The advantage of this arrangement is that the propeller produces a high-speed flow, known as the propeller slipstream, through the channel generating greater lift. Custer, who was actually a relative of the ill-fated Gen. George Custer, hoped to exploit the phenomenon to develop short takeoff and landing (STOL) aircraft.
Willard Custer conceived the channel wing concept after watching a barn roof being torn off by strong winds. He concluded that the high wind velocity over the roof had created such low pressure that it resulted in a lift force greater than the forces holding the roof in place. Custer believed this effect could be duplicated on a wing using the engine to produce the high speed flow. After experimenting with different wing and engine layouts, he found the semi-circular channel arrangement promising as it produced about one-third more lift per square foot of wing area than a traditional wing. It was also hoped that the channel would accelerate the flow through the propeller disc increasing thrust, but the drag created by the channel itself cancelled out any such benefit.
Custer's work on the semi-circular channel design led to the construction of the CCW-1, now on display in the National Air & Space Museum. The first of four prototypes, the CCW-1 first flew in 1942. Custer tested the aircraft both with the outer wing panels shown in the above pictures attached and with them removed removed, leaving only the channels. The machine demonstrated adequate performance, even with one engine inoperative, and could takeoff in as little as 200 ft (61 m). Further prototype development continued over the course of the next two decades, including the CCW-2. The final prototype, the CCW-5, first flew in 1953 and the first production model appeared in 1964.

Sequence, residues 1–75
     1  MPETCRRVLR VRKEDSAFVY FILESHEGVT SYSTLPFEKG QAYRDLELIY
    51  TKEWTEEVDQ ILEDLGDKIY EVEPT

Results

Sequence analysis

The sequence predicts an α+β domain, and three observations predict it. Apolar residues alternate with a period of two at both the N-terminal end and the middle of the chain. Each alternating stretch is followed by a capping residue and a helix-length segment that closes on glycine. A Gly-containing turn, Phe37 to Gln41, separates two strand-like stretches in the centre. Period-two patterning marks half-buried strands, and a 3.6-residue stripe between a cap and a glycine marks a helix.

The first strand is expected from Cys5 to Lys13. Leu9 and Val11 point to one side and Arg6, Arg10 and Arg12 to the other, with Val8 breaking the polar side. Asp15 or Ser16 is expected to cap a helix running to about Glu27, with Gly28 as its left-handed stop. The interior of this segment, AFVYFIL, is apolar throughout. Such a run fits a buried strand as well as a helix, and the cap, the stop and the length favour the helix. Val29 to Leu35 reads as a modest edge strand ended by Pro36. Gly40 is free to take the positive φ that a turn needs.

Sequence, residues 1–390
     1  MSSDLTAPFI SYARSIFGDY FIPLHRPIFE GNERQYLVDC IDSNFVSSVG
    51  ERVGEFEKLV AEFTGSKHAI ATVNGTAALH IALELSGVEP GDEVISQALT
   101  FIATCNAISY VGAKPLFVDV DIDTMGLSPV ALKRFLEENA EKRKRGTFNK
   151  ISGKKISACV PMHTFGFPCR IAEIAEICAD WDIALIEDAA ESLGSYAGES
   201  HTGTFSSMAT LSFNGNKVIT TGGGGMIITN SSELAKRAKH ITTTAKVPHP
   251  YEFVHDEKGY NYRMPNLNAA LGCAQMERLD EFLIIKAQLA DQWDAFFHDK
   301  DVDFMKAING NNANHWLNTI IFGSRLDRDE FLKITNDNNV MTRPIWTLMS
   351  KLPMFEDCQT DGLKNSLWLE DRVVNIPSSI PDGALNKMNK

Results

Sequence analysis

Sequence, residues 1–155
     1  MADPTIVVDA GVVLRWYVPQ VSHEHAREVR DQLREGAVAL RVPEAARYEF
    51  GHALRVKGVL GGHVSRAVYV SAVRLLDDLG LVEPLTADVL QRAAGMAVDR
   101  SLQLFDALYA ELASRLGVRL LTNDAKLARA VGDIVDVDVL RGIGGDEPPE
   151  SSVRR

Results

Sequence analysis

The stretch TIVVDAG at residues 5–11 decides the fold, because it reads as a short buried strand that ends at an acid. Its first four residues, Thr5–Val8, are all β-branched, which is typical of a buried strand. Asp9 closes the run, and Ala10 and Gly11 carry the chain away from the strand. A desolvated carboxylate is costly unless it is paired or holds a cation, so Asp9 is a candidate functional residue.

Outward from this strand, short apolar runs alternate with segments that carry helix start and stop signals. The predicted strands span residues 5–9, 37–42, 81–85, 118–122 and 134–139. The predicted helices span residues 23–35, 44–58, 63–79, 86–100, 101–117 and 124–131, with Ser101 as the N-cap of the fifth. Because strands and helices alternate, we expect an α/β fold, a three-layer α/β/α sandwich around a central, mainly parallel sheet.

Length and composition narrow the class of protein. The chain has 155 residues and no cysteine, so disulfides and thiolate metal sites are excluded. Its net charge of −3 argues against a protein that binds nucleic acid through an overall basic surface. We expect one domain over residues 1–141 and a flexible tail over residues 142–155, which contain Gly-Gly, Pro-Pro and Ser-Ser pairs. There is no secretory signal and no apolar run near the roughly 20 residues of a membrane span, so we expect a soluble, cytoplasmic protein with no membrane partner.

Despite the promising capabilities of the channel wing, the cheaper Beechcraft Bonanza had captured much of the lightplane market by 1964, and the helicopter had negated the channel wing's STOL performance. Although the aircraft performed well at low speeds, performance suffered at higher velocities because of vibration caused by the high rotation speed of the propeller in such close proximity to the wing. This proximity also resulted in cabin noise issues since the partially ducted propellers generated significant noise as the blades moved in an out of the channel. These factors would probably have caused long-term structural fatigue problems as well. Combined with Custer's refusal to sell his patents to other manufacturers, the channel wing faded into obscurity. In addition to the CCW-1 owned by the National Air & Space Museum, the only other surviving channel wing is the CCW-5 prototype currently undergoing restoration at the Mid Atlantic Air Museum.
In an interesting side note, Custer attempted to sue Fairchild Republic claiming that the placement of the podded
engines on the A-10 Thunderbolt II infringed on his patents,
but he lost the case. Although Willard Custer passed away in 1985, his son Harold has continued work on the
concept and remains optimistic that the channel wing will return.
- answer by Jeff Scott, 15 April 2001
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